Supreme Court rules on limitation in PPI case

In the case of Smith and another (Appellants) v Royal Bank of Scotland (Respondent) [2023] UKSC 34, the Supreme Court has ruled that the claims made by claimants seeking orders under the Consumer Credit Act 1974 were brought in time in the county court.


Two claimants, Ms Karen Smith and Mr Derek Burrell, each had a credit card issued by RBS and were sold PPI by RBS. Ms Smith and Mr Burrell were not told by RBS that most of money paid by them for PPI did not go to the insurer but was retained by RBS as commission. It is known that the commission received by RBS was well over 50% of the payments made.

After FCA established a scheme for PPI mis-selling, RBS offered Ms Smith redress in 2018 and Mr Burrell 2017. It was only at this point that RBS informed them that it had received commission. At this point, Ms Smith had ended her PPI agreement (in 2006) and credit card agreement with RBS (in 2015). Mr Burrell had ended his PPI agreement (in 2008) but his credit agreement continued until 2019.

They both brought claims in the county court seeking an order under s 140B of the Consumer Credit Act 1974 for RBS to repay all the money paid by them for PPI less any redress paid already, plus interest. In Mr Burrell’s case, the district judge ruled that the claim was brought in time and Ms Smith’s case also succeeded. The decisions were upheld by the county court judge on appeal. On a further appeal, the Court of Appeal ruled in favour of RBS, however, stating that the relevant time limit for bringing a claim had expired before the claim had been brought. Both then appealed to the Supreme Court.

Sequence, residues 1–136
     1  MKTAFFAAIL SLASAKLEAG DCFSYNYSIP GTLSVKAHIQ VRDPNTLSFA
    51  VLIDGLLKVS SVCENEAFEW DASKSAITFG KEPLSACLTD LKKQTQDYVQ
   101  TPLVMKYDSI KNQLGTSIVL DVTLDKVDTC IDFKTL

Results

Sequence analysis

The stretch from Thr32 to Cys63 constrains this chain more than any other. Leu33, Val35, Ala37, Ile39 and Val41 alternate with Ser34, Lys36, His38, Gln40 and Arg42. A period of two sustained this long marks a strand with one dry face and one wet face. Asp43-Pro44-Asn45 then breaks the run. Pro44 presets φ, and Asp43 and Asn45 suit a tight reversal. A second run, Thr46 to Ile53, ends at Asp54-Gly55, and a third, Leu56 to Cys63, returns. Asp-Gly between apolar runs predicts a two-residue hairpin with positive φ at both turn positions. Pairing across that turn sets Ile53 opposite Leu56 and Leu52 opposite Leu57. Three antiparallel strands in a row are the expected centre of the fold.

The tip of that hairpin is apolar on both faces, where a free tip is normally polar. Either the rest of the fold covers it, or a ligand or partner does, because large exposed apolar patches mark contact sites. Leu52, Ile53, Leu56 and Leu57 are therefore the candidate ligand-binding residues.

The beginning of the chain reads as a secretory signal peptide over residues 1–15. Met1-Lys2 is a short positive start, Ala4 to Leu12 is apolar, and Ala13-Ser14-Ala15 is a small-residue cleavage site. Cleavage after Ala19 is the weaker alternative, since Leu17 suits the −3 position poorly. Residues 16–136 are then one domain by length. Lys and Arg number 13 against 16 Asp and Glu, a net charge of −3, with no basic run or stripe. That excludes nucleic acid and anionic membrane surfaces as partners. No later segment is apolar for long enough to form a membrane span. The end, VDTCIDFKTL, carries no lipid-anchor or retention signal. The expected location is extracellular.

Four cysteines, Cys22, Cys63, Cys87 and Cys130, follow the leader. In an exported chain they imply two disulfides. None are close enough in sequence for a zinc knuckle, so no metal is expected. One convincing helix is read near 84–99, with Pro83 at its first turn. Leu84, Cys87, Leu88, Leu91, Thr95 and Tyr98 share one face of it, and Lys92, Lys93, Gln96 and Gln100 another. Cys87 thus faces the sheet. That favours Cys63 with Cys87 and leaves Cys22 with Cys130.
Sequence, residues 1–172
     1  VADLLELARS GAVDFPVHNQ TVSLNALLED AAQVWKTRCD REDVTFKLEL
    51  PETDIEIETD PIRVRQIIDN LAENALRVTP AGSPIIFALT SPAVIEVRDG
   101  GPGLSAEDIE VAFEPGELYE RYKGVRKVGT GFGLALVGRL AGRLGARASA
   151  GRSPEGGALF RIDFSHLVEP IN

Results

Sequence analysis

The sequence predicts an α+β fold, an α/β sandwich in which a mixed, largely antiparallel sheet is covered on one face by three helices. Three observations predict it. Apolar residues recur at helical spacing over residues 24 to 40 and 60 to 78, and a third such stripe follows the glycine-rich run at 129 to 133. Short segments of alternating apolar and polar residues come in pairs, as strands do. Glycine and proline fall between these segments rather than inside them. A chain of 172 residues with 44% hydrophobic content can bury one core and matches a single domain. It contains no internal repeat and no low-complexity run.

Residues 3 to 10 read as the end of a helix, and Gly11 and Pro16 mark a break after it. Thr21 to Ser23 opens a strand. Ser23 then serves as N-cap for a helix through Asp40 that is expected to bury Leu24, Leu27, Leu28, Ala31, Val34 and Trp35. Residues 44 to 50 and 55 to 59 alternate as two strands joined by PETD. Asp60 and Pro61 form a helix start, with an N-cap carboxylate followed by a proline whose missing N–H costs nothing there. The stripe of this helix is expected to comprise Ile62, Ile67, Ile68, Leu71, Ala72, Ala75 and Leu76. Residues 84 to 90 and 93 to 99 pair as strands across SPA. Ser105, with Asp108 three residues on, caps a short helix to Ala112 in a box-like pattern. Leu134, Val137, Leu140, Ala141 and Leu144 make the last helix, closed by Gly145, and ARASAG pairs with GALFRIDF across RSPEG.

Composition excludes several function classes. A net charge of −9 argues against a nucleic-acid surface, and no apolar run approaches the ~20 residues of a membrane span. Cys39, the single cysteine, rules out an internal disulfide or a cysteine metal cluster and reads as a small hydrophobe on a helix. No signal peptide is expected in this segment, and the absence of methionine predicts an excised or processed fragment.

The Supreme Court held that both claims were brought before the relevant time limit expired.

RBS did not argue that the failure to disclose the commission it received was unfair to the claimant, but instead that the cause of action accrued when each of PPI payment was made. In Ms Smith’s case, the last PPI payment was made April 2006. For Mr Burrell is was made in March 2008. As the claims were brought in 2019, the 6 year limitation period set out in s 9 Limitation Act 1980 had long expired.

The Supreme Court rejected this, as they ruled that the right to claim a remedy depends on whether the relationship between the creditor and the debtor, arising out of the credit agreement between them, was unfair to the claimant at the time when the relationship ended. Therefore, the cause of action did not accrue until the credit relationship ended in 2015 (for Ms Smith) and 2019 (for Mr Burrell).

RBS also argued that, though the credit relationship continued after the last PPI payment was made, when PPI payments were stopped the relationship was no longer unfair. This is where the Court of Appeal and the Supreme Court rulings diverge. The Court of Appeal held that there was no financial effect of the PPI agreement after the last PPI payment was made, so the relationship was not unfair when it ended in 2015 (for Ms Smith). The Supreme Court rejected this.  It held that the credit relationship was still unfair because RBS did not repay the sums which had been paid for PPI cover, which was deemed a persisting economic effect. RBS also did not disclose to her that they received commission from those payments. The same was true for Mr Burrell.

The Supreme Court explained that the fact that the 6 year period for bringing a claim does not start to run until the end of the credit relationship does not unduly expose creditors to stale claims. The Court has discretion as to what remedy to grant depending on the facts of the case.

Scott Nodder